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The House committee is desperate to find evidence against Trump, now to require phone records of GOP reps who attended the rally before the Capitol riots



The Democrats seem to be very desperate in finding a way to charge the former president Donald Trump for organizing the Capitol riots on January 6. The January 6 committee investigation over the Capitol events is headed one way with one main target and that’s not to discover what really happened there, but to find enough evidence to go over Trump.

What should have been a bipartisan committee, ended up to be a group of Democrats backed up by two anti-Trump Republican members who joined the committee in an effort to save their political careers hoping that somehow Trump will lose the support from the Republican party and both of them will be considered as the drivers of post-Trump Republican party.

Despite the Liz Cheney and Adam Kinzinger’s efforts to help the other committee Democrat members to conduct their anti-Trump agenda, it seems like their long-term plans are not likely to happen since Trump stands strong backed up by his huge and strong voters base, something that was proven on his latest rallies during the summer.

But as expected, the committee was formed at first place to prolong the investigation and dig as deep as possible, something that will take time. With no clear plans and not enough evidence that Trump was anyhow involved in the Capitol riot so far, the committee’s next desperate step is to seek the phone records of every GOP member that attended the rally before the Capitol storming took place.

As CNN reported, according to multiple sources directly involved in the committee activities, a number of the most loyal Trump fellow colleagues phone records will be requested by the committee in an effort to prove that Trump organized all the events. Some of them spoke at the rally backing up Trump’s false claims over the election results.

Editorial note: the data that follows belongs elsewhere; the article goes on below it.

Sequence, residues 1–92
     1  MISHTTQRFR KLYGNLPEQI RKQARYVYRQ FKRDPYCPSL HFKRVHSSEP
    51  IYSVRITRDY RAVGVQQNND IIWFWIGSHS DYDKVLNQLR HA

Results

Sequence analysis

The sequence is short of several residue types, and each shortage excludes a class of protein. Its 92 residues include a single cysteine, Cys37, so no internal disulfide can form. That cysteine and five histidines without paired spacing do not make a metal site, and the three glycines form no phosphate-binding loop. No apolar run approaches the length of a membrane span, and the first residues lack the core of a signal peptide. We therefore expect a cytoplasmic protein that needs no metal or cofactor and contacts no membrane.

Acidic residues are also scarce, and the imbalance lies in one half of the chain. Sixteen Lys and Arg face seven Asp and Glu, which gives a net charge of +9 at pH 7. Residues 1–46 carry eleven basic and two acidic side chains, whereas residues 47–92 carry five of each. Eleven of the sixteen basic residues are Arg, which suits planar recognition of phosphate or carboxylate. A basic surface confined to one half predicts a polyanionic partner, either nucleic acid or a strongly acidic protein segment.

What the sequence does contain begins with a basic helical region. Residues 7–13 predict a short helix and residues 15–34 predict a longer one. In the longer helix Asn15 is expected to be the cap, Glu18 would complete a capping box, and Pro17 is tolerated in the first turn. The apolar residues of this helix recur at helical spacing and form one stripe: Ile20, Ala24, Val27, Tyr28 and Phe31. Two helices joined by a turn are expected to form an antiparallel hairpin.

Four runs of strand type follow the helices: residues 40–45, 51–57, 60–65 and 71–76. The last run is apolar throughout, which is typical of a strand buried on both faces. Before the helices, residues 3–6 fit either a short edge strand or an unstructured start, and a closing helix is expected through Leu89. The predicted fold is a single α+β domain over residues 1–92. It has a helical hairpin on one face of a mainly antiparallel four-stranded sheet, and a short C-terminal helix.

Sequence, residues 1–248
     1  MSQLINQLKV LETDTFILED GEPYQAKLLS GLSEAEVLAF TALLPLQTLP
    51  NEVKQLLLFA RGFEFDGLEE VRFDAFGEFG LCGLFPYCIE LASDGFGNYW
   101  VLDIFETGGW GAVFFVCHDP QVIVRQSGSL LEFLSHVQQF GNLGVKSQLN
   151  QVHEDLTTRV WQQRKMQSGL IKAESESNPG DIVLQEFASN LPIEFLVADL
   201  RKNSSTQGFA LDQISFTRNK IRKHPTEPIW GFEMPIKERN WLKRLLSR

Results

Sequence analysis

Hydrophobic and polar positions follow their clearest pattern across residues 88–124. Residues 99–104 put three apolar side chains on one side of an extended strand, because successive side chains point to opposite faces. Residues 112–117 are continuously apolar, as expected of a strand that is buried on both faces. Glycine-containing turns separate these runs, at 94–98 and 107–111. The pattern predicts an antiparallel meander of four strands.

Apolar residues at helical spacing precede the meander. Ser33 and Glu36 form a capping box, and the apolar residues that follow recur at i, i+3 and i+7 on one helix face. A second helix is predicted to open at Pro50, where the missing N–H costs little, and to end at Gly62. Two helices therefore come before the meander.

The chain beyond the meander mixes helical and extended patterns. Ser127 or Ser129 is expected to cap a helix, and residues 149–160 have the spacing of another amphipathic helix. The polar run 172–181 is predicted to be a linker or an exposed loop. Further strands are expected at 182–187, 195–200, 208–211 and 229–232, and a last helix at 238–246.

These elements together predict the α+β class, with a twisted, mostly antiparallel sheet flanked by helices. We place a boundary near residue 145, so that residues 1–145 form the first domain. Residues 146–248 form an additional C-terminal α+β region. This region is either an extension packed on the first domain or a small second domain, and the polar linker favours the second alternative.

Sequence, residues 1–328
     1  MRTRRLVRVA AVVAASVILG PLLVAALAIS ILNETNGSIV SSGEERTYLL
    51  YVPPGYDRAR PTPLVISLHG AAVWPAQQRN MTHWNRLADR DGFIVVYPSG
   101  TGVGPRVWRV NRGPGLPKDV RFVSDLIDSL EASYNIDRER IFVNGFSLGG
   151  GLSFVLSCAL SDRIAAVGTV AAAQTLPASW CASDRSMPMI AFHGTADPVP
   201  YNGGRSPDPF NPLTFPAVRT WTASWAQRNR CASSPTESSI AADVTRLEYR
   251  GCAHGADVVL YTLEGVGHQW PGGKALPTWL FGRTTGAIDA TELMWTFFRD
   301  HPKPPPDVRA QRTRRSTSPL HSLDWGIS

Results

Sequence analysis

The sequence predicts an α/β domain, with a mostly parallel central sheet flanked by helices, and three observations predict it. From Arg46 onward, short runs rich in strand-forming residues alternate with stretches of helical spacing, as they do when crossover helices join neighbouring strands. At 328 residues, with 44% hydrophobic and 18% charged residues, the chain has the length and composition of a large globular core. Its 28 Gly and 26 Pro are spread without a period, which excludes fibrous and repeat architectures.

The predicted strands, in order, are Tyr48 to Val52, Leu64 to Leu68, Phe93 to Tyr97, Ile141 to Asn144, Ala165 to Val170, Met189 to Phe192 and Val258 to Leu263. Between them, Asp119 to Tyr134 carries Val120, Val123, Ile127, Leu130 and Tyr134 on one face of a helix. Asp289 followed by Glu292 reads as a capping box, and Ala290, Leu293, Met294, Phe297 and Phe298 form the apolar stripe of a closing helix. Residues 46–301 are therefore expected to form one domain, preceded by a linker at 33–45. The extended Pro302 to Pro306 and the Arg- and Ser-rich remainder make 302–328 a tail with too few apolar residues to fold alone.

That group reportedly includes Reps. Andy Biggs (Ariz.), Paul Gosar (Ariz.), Matt Gaetz (Fla.), Lauren Boebert (Colo.), Mo Brooks (Ala.), Madison Cawthorn (N.C.), Louie Gohmert (Texas), Jody Hice (Ga.), Scott Perry (Pa.), Marjorie Taylor Greene (Ga.) and Jim Jordan (Ohio), whom Republicans once tapped to serve on the committee.

“We will stop the steal. Today I will lay out just some of the evidence proving that we won this election and we won it by a landslide,” Trump said shortly before supporters marched from the rally to the Capitol during the certification of the 2020 election results.

In an announcement last week, Committee Chairman Bennie Thompson (D-Miss.) hinted that this might happen when he told the reporters the committee is looking the possibility to obtain phone records that should help them with the investigation. Although he didn’t point out specific names, he informed the reporters that the committee has formed a several-hundred-long list of people including some of the GOP members.

Rep. Jim Banks (Ind.), another Republican once slated to serve on the Jan. 6 committee before his selection was refused by Speaker Nancy Pelosi (D-Calif.), has indicated that Republican lawmakers would fight any seizure of their records.

“Rifling through the call logs of your colleagues would depart from more than 230 years of Congressional oversight. This type of authoritarian undertaking has no place in the House of Representatives and the information you seek has no conceivable legislative purpose,” Banks wrote in a letter to Thompson on Friday that was also sent to the general counsels of AT&T, T-Mobile and Verizon.

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